It was just two days before the radiation treatment of his uveal melanoma, or eye cancer. Peter L. boarded a plane determined to have his tumor biopsied and tested by Dr. J. William Harbour, the ocular oncologist who developed a genomic test that could lay out his odds of survival. “For me, as a patient this counts big time…it sits in one’s mind all the time if you don’t know.
And Peter almost didn’t know. Dissatisfied that he wasn’t given information about treatment options or prognostic tests when he was diagnosed, Peter dug further for information online. He quickly learned about Dr. Harbour and his gene expression profile test, and that it had to be done before the radiation, since it can alter the tissue and render any results meaningless.
“Work, dreams, relationships, access to experimental treatment, and prioritizing my bucket list… for me, they all depended on that test result, so the stakes were high.”
Just two days before the procedure, Peter flew halfway across the country to see Dr. Harbour and have a biopsy. “Even if it was worst case scenario,” he says, “I wanted to know so I could get my life in order.”
For Peter, 56, this was a very difficult time. His business selling antique magazines and newspapers required constant reading to identify condition and content of the material for his clients. He had already been dealing with loss of vision in his left eye when he learned of the midsize tumor in his right eye—leaving only 25% of his vision intact.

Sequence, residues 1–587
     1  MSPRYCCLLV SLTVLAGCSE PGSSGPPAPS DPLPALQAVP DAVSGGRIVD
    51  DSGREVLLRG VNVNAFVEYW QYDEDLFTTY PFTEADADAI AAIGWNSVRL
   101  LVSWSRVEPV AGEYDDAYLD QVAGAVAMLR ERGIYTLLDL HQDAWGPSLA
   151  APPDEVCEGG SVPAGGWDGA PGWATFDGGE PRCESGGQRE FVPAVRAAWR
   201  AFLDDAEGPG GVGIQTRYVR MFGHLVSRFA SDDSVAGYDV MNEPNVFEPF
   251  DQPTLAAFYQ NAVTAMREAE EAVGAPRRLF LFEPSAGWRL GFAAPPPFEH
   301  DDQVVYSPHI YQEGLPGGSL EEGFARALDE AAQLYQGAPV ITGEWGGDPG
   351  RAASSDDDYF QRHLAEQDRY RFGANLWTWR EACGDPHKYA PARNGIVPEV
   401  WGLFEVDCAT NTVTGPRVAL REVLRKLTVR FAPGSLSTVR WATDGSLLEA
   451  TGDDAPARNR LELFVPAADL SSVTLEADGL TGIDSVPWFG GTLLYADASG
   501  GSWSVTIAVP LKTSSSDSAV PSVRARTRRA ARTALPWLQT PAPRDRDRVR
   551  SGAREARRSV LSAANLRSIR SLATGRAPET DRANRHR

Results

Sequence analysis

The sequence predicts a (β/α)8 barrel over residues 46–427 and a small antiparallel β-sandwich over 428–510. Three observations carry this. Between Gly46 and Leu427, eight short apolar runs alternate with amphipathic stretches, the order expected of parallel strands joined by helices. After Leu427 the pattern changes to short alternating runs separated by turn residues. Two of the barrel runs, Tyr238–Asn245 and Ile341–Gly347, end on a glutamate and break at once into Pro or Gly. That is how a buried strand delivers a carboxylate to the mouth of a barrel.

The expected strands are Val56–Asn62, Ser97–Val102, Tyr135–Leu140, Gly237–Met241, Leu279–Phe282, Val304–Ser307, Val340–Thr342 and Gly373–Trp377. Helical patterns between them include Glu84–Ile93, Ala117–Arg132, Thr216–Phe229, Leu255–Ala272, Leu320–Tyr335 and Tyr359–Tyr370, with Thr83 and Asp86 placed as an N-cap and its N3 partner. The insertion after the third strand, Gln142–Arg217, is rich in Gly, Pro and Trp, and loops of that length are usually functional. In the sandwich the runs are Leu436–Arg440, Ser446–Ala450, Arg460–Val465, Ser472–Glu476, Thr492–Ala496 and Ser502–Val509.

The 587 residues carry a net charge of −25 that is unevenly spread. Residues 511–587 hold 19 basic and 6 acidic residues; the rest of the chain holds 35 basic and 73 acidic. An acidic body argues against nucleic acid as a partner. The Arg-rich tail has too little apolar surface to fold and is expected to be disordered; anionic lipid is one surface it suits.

Four weeks later the test results were in. Peter’s tumor was Class 1B, which meant his cancer had about a 21% chance of spreading. Knowing his Class helped Peter and his hematology oncologist plan an appropriate monitoring schedule to detect any metastasis as early as possible with the hope that prompt treatment could possibly extend survival. As well, prognostic test results would be necessary for eligibility in any future clinical trials.
Today, Peter is a tireless advocate for patients with uveal melanoma to also become knowledgeable about their disease and get tested. He’s active in online chat rooms, forums, and social networking sites educating people about their options. Peter says he doesn’t want anyone to be “too late and live with the stress of uncertainty the rest of their life.”
Now that he is better able to predict his survival and especially because he needed to deal with his vision loss, Peter decided to liquidate his current business in New Hampshire and return to his native Netherlands to be with his supportive family and friends. There, he will have better access to advanced public transportation and special tools and assistance for blind and low vision people. He has just finished up a course in molecular biology—again to arm himself further in his battle against cancer.